A: London, England, United Kingdom, B: Manhattan, New York, New York, United States, C: Boston, Massachusetts, United States
In November 1833 a stereotype reprint of The Penny Magazine began publication in New York by William Jackson. It was also distributed in Boston by Munroe & Francis. Printed from stereotype plates, the first American edition was essentially identical to the English version except that, printed on American paper which was typically inferior to the English paper of this period, the paper used for the American version has a tendency to brown. On the verso of the title page of volume 1 the publisher issued a Preface to the American Edition. Following the writings of English publisher of The Penny Magazine Charles Knight, who was virtually an evangelist for the new technology, at the end of his preface Jackson credits the new printing machines for their essential role in producing his edition:
"The unparalleled sale of the "Penny Magazine" in the United Kingdom, as well as the highly valuable, interesting, and useful information contained in the work, induced the Proprietor of this edition to make arrangements with the Publisher in London, for a new and complete set of Stereotype Plates to be cast from the original edition. These plates have nearly all arrived, and the Second Volume is now in the course of publication.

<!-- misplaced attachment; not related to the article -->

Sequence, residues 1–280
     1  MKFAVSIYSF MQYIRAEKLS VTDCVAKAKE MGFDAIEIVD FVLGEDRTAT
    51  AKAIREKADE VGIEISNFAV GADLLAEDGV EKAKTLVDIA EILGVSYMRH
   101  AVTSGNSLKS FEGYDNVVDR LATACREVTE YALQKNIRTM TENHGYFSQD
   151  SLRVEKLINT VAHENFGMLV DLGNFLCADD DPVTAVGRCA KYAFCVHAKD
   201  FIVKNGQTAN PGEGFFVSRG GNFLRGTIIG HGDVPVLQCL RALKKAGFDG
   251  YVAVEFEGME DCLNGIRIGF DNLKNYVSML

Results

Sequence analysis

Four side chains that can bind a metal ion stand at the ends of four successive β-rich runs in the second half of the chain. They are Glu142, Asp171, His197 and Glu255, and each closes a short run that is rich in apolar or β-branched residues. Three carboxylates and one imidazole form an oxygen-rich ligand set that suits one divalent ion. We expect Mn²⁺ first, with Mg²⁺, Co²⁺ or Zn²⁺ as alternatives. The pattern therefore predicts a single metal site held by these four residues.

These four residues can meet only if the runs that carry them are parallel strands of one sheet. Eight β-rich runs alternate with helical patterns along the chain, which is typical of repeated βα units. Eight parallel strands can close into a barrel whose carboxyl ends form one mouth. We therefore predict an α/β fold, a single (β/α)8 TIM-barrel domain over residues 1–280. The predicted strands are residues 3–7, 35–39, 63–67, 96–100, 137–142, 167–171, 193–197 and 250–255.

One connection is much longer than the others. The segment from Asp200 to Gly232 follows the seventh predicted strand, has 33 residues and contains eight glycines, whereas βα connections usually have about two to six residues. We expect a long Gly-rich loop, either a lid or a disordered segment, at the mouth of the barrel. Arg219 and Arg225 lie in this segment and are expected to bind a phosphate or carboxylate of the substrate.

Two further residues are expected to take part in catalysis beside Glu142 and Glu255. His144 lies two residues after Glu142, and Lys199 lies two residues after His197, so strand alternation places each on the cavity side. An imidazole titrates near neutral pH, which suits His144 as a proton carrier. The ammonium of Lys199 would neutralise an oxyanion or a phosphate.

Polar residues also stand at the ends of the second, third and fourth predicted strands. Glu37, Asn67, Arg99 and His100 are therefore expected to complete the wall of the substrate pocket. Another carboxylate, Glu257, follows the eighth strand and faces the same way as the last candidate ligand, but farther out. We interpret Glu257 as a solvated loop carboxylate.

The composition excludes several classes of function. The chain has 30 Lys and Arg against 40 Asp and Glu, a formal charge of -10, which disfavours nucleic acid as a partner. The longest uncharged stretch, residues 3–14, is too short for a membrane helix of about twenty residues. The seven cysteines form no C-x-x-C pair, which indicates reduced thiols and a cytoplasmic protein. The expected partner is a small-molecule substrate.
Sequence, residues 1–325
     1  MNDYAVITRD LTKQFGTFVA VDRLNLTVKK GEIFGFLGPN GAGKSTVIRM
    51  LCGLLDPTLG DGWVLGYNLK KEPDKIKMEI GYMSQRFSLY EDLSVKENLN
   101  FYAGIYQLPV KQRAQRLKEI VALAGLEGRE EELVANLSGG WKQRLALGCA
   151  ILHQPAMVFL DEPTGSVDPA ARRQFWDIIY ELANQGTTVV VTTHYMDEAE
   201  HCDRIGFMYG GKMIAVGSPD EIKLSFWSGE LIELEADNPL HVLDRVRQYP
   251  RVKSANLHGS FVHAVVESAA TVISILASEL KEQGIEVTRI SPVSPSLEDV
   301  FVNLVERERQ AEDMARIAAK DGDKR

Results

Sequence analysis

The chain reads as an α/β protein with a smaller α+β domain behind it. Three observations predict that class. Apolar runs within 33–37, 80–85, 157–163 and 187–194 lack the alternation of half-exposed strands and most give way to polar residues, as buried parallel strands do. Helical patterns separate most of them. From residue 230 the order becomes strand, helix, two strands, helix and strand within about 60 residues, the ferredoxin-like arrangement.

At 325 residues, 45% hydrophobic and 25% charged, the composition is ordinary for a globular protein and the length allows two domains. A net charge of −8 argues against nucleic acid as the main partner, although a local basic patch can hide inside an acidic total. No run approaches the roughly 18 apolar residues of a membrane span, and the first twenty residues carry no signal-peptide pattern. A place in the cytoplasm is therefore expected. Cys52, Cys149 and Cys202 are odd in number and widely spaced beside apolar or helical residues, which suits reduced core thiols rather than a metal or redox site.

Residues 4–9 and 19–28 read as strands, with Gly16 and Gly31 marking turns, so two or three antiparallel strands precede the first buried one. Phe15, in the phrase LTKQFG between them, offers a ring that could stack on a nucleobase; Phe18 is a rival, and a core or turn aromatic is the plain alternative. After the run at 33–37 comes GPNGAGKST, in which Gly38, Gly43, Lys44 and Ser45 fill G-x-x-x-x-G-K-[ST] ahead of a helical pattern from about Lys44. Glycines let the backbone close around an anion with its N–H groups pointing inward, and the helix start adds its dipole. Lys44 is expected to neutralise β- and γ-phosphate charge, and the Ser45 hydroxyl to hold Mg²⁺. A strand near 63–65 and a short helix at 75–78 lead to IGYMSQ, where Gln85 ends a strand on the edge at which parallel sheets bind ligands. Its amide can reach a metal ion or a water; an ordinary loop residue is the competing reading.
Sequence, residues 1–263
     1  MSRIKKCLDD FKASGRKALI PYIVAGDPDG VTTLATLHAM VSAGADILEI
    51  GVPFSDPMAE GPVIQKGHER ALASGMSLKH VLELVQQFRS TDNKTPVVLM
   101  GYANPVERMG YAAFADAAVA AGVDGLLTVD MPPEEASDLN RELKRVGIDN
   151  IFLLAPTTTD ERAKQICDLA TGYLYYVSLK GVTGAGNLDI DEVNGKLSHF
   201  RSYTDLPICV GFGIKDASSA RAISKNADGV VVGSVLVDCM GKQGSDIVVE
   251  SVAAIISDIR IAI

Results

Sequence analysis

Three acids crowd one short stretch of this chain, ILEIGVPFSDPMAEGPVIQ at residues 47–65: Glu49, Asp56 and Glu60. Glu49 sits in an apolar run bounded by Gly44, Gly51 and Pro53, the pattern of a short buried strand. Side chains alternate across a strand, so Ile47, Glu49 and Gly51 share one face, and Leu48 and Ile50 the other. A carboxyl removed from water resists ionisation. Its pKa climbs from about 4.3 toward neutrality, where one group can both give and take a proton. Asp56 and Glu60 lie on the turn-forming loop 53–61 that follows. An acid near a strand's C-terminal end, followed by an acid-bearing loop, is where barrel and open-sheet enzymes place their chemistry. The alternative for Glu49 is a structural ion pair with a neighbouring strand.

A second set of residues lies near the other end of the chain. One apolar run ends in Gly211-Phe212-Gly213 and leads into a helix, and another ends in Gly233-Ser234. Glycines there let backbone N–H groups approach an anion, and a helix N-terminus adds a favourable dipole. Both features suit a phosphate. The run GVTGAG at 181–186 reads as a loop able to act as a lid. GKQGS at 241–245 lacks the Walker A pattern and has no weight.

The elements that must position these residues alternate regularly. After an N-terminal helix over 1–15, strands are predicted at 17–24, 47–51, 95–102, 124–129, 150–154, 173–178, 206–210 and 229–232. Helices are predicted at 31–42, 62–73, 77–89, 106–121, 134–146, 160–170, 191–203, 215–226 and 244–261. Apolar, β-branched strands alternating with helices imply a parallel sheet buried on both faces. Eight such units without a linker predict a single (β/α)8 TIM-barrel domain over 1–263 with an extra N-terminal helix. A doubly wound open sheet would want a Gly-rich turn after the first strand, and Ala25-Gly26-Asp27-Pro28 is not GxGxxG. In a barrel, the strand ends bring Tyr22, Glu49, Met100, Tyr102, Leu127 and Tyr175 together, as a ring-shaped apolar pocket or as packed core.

"This undertaking is attended with the same difficulties and expenses, so fully pointed out in the following preface to the English edition, and to which we would refer our numerous readers. It has also to contend with several imitations compiled principally from its pages, none of which, however, have yet equalled it in the extent of matter, or the beauty and number of the engravings. The "Penny Magazine" is sold either in Numbers, at Two Cents each, or in Monthly Parts, to which are added Supplements, at Twelve and a Half Cents: the purchaser thus receives Sixty-four Numbers for One Dollar and a Half; while the most successful of the works of similar nature, published in the United States, furnishes only Twenty-six numbers (containing less matter in each) for a subscription of One Dollar.
"Without the aid of Machinery, — which has arrived in this country to great perfection, especially in the art of printing, — the "Penny Magazine" could not be published at its present price; and even with this aid, it must have a large circulation, to cover the heavy charges attending its progress through the press and distribution throughout this extensive country."
According to "Stephen D. Tucker's History of R. Hoe & Company, 1834-1885. Edited with an Introduction by Rollo G. Silver", Proc. Am. Ant. Soc., 82 (1973) p. 359 for the American reissue of The Penny Magazine Jackson employed "two large Cylinder Perfecting Presses (Cowper & Applegath's system)" which were " built and were for a time in operation at the corner of John and Gold Streets" in New York.